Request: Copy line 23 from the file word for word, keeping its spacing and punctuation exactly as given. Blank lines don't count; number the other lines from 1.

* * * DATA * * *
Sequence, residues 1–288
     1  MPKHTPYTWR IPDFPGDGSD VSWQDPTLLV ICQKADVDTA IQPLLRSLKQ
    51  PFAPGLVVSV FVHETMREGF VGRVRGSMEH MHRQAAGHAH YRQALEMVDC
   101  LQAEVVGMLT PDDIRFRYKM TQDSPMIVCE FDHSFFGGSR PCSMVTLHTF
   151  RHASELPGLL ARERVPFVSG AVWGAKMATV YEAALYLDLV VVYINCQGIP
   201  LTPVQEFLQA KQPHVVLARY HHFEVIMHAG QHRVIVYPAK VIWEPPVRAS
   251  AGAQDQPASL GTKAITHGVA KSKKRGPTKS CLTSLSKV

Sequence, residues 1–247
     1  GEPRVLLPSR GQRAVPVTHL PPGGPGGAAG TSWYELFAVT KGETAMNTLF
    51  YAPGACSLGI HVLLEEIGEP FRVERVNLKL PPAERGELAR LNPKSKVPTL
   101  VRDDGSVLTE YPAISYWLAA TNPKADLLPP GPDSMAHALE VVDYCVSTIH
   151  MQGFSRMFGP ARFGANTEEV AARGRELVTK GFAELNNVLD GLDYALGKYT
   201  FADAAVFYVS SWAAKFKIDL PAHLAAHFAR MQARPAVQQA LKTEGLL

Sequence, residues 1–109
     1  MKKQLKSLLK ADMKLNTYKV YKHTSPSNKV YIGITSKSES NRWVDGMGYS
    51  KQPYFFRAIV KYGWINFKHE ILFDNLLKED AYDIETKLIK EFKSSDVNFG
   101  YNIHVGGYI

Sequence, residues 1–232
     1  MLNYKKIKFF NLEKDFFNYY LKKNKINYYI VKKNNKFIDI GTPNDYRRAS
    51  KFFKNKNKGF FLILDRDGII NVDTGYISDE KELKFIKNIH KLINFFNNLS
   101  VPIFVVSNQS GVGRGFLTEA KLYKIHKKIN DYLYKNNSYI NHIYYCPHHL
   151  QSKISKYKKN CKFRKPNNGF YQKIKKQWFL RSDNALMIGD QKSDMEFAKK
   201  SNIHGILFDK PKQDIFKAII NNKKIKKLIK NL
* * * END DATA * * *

   201  SNIHGILFDK PKQDIFKAII NNKKIKKLIK NL